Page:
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China - Railroads

China's first railroad line was built in 1876. In the seven decades that followed, 22,000 kilometers of track were laid, but only half were operable in 1949. Between 1949 and 1985, more than 30,000 kilometers of lines were added to the existing network, mostly in the southwest or coastal areas where previous rail development had been concentrated. By 1984 China had 52,000 kilometers of operating track, 4,000 kilometers of which had been electrified. All provinces, autonomous regions, and special municipalities, with the exception of Xizang Autonomous Region, were linked by rail.

Many double-track lines, electric lines, special lines, and railroad bridges were added to the system. Railroad technology also was upgraded to improve the performance of the existing rail network. There still were shortcomings, however. Most of the trunk lines were old, there was a general shortage of double-track lines, and Chinese officials admitted that antiquated management techniques still were being practiced. There were plans in the late 1980s to upgrade the rail system, particularly in east China, in the hope of improving performance.

China's railroads are heavily used. In 1986, railroads carried 1 billion passengers and 1.3 billion tons of cargo. The average freight traffic density was 15 million tons per route-kilometer, double that of the United States and three times that of India. Turnaround time between freight car loadings averaged less than four days.

Between 1980 and 1985, China built about 3,270 kilometers of new track, converted 1,581 kilometers to double track, and electrified 2,500 kilometers of track. The total investment in this period amounted to over 21.4 billion. Railroads accounted for over two-thirds of the total ton-kilometers and over half the passenger-kilometers in China's transportation systems.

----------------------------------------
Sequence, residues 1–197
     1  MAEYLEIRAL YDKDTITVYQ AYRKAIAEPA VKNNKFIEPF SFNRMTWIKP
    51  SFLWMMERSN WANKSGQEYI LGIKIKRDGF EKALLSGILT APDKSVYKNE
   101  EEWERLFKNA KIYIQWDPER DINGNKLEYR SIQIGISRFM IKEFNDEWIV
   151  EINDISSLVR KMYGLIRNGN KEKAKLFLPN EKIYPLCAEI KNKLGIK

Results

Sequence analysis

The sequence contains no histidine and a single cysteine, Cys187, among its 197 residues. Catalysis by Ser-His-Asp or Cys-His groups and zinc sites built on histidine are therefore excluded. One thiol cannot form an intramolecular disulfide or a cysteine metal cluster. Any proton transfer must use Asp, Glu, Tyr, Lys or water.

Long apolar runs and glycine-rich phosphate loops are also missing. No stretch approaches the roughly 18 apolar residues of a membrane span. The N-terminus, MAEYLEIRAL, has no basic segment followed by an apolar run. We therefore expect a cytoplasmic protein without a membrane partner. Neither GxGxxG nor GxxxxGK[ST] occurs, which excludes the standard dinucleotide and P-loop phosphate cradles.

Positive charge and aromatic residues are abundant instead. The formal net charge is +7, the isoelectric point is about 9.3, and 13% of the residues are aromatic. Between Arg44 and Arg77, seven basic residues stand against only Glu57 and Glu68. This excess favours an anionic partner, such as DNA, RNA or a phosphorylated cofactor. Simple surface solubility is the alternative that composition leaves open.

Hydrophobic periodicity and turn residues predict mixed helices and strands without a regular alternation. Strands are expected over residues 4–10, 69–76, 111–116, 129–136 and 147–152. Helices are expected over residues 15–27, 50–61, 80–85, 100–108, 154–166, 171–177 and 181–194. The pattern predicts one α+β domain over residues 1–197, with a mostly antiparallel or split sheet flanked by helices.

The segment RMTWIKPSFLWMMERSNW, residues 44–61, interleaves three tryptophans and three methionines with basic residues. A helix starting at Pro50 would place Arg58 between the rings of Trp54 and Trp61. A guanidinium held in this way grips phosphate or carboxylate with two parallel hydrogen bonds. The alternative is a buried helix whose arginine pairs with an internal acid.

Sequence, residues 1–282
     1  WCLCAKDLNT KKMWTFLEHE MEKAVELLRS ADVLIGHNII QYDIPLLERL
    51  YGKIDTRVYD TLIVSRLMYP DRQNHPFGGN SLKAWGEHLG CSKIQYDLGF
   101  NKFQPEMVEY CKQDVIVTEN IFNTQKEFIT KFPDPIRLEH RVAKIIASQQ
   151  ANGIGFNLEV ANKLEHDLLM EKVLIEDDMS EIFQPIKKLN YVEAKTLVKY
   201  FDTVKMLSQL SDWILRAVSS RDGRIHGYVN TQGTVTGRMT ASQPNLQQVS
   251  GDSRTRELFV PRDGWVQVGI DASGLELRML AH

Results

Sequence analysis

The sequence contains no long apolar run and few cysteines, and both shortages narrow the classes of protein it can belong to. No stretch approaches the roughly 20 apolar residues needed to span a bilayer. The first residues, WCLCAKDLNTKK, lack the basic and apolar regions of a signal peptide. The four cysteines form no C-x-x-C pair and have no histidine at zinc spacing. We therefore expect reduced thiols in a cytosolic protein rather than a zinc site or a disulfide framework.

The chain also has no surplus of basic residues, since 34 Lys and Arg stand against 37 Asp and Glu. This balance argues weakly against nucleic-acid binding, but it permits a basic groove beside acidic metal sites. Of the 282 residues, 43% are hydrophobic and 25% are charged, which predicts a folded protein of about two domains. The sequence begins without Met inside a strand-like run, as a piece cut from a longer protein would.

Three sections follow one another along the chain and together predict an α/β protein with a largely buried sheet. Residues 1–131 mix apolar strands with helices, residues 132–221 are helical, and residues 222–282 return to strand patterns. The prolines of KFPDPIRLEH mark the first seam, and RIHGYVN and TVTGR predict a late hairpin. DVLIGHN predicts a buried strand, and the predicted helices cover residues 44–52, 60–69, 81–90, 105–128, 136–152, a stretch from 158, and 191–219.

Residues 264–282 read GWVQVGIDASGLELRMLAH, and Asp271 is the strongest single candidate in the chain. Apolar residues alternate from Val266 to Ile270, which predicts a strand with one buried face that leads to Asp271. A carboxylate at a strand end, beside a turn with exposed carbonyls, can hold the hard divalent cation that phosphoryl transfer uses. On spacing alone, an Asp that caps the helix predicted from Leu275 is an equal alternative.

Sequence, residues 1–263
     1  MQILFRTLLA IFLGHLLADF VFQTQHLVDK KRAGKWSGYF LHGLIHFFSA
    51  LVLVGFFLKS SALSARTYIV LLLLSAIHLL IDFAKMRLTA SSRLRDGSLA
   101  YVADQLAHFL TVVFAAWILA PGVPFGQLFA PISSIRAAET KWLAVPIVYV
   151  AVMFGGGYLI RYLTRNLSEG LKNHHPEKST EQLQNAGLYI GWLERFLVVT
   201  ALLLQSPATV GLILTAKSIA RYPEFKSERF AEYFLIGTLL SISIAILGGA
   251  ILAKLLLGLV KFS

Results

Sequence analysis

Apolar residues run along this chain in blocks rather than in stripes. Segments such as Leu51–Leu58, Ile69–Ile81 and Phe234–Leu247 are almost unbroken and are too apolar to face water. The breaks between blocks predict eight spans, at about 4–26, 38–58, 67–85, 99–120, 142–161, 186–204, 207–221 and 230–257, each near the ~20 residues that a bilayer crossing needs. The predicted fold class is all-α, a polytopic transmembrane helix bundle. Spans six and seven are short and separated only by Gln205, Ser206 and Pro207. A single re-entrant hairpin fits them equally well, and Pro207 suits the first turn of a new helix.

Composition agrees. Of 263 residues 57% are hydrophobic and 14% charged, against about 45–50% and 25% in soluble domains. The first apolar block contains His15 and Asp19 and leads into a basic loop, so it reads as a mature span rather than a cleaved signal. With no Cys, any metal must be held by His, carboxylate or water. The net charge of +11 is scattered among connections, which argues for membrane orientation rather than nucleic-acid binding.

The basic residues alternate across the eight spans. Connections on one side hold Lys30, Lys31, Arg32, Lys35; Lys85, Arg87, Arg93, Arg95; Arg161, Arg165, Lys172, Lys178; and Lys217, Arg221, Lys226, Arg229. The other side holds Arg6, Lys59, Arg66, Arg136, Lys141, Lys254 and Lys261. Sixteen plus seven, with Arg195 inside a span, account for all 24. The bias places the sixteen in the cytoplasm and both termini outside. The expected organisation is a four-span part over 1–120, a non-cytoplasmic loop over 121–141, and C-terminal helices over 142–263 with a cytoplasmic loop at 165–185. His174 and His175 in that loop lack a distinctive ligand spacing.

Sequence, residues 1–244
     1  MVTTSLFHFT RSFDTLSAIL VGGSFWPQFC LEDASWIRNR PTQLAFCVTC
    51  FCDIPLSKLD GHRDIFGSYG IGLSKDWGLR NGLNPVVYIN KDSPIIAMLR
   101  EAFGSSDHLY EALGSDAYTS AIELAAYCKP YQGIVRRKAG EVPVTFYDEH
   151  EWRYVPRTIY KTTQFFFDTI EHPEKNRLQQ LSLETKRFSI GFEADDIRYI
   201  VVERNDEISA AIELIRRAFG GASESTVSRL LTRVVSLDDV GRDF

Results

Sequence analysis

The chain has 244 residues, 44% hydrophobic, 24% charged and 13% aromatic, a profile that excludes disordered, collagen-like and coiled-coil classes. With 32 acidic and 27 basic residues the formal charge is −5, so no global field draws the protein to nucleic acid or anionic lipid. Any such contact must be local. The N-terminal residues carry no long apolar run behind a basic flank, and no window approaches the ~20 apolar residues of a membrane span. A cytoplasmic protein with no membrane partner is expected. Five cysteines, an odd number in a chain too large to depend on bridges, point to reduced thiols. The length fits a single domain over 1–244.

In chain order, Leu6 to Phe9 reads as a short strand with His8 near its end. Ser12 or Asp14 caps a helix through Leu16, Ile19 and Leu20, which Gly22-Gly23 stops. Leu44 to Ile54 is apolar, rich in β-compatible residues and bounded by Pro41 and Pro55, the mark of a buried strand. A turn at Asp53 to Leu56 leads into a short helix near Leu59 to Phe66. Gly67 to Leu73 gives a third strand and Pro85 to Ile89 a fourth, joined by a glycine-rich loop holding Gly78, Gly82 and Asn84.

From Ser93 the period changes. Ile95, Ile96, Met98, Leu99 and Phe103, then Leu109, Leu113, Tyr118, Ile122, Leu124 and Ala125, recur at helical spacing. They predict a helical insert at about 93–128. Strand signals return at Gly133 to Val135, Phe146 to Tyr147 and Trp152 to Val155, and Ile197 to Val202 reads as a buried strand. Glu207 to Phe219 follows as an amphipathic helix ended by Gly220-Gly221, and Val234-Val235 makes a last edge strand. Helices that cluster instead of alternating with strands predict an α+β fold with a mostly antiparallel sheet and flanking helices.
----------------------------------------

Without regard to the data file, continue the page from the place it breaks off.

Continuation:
China's longest electrified double-track railroad, running from Beijing to Datong, Shanxi Province, was opened for operation in 1984. One of the world's highest railroads, at 3,000 meters above sea level in Qinghai Province, also went into service in the same year, and improved doubletrack railroads, some of them electrified, offered a fast way to transport coal from Shanxi Province to the highly industrialized eastern part of the country and the port of Qinhuangdao for export.

Production and maintenance of modern locomotives also made an important contribution to increased rail capacity. Manufacturing output in the mid-1980s increased significantly when production of electric and diesel locomotives for the first time exceeded that of steam-powered ones. China hoped, in the long-run, to phase out its steam-powered locomotives. In the mid-1980s China had more than 280,000 freight cars and about 20,000 passenger cars. The country still was unable, however, to meet the transportation needs brought about by rapid economic expansion.

China announced a 5-year blueprint on Monday to develop the CHINA RAILWAY Express (CR express) on 19 October 2016. The 2016-20 blueprint for the CR express, which is made up of rail cargo links between China and Europe and other regions, set a target of operating as many as 5,000 trains along these routes each year by 2020. Other objectives include improving cargo volume on journeys back to China and the inclusion of international mail service.

The blueprint, issued by the National Development and Reform Commission (NDRC), was drawn up based on the country's 13th Five-Year Plan (2016-2020), "Belt and Road" (B&R) initiative, and its medium- and long-term blueprints for railway development. Tian Yun, director of the China Society of Macroeconomics Research Center, said although the target of 5,000 trains a year is a daunting task, given the slack global economy and weak recovery, the target is justified as it is part of China's efforts to go West.

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Page last modified: 06-09-2021 15:13:02 ZULU